While most of us are wondering how to get around the hosepipe ban, employers have more pressing matters to worry about. The Carbon Trust, which works with employers to cut carbon emissions, predicts wasted energy will cost UK businesses £570m this summer – 15% of total energy spend.
The Carbon Trust also reveals that more than three-quarters of UK employees now consider it important to work for a company that has an active policy to reduce its carbon emissions. And 85% would be willing to cut their own energy use to help tackle climate change if given guidance from their employer.
So how can HR get involved to make your organisation greener and leaner? Garry Felgate, director of business delivery and external relations at the Carbon Trust, says companies need to help employees adopt simple energy efficiency measures.
“Our research shows that one in four workers doesn’t switch off the lights in a room that is not being used, but nearly all (94%) say they do when they’re at home. Simply by encouraging employees to bring their good energy habits into the workplace, businesses could reduce lighting bills by around 19% a year, not to mention significantly lower their carbon emissions,” he says.
Many employees have a social conscience, so reminding staff of the damage they are doing to the environment every day at work could spur them into action.
Promotional material such as posters or e-mail alerts with energy-saving facts can be effective.
Other simple actions, such as keeping the windows closed when the air conditioning is on and using energy-saving lightbulbs can also reduce costs.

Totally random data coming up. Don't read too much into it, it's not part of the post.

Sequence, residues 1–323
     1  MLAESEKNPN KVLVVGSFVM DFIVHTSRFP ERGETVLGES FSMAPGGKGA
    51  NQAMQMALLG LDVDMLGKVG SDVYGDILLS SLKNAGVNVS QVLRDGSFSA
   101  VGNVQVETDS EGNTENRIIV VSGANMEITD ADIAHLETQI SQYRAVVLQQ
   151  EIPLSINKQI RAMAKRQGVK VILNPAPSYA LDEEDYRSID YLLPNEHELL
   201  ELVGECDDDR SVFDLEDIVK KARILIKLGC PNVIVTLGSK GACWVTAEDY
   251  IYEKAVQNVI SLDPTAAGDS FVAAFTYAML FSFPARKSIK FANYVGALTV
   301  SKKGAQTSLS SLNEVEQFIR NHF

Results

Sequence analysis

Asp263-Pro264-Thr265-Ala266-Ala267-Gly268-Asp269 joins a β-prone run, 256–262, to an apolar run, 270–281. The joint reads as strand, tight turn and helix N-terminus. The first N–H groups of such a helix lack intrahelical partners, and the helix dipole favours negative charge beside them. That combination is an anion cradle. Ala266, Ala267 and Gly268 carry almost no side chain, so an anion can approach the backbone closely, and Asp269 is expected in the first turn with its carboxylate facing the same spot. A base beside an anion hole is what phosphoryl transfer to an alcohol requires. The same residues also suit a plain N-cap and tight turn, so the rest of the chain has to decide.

Some firms are making impressive savings. Supermarket chain Sainsbury’s, for example, reduced its carbon emissions by 20% between 2001 and 2005, following a concerted energy efficiency programme with the Carbon Trust. Having invested £14m in measures over the last three years, it is now seeing a cost saving in excess of £8m a year from reduced energy bills.
Matthew Farrow, head of environment at the CBI, says that reducing energy output is all about getting staff on side. “Everyone is aware of their home energy bills rising and the need to help the environment, but employees have to make the link that the same is happening at work,” he says.
Boots, for example, sent energy efficiency literature to employees’ home addresses to help them make this link.
Farrow also suggests having energy efficiency ‘champions’ to monitor initiatives. “If you get employees at all levels to lead initiatives, staff won’t view it as another order coming from management,” he adds.
Energy saving facts
- Activating the sleep settings of your monitor can save enough energy in an hour to make four cups of tea.
- Switching off photocopiers at night and on weekends can save enough energy to send 50 faxes.
- Recycling one tonne of paper (400 reams) saves 15 trees, 2.5 barrels of oil and 31,320 gallons of water.
- Switching off all non-essential office equipment for one night will save enough energy to make more than 280,000 photocopies.
- Lowering the temperature by just 1 degree Celsius will reduce heating bills by 8% and save enough energy to print 40 million sheets of A4 paper.
Source: Carbon Trust. For more information visit www.carbontrust.co.uk